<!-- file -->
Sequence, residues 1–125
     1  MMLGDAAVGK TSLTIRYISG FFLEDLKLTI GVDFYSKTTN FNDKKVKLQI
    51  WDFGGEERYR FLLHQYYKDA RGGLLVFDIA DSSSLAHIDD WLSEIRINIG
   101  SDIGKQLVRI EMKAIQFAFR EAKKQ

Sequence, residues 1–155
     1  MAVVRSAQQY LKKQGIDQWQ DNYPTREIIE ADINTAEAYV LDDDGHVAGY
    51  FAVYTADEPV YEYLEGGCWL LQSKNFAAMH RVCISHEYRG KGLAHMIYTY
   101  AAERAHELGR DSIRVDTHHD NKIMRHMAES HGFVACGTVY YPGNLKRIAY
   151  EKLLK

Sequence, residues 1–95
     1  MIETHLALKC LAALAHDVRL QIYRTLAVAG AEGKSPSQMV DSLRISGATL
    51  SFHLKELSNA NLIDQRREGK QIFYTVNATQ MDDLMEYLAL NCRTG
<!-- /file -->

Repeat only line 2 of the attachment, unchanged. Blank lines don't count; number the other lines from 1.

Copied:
     1  MMLGDAAVGK TSLTIRYISG FFLEDLKLTI GVDFYSKTTN FNDKKVKLQI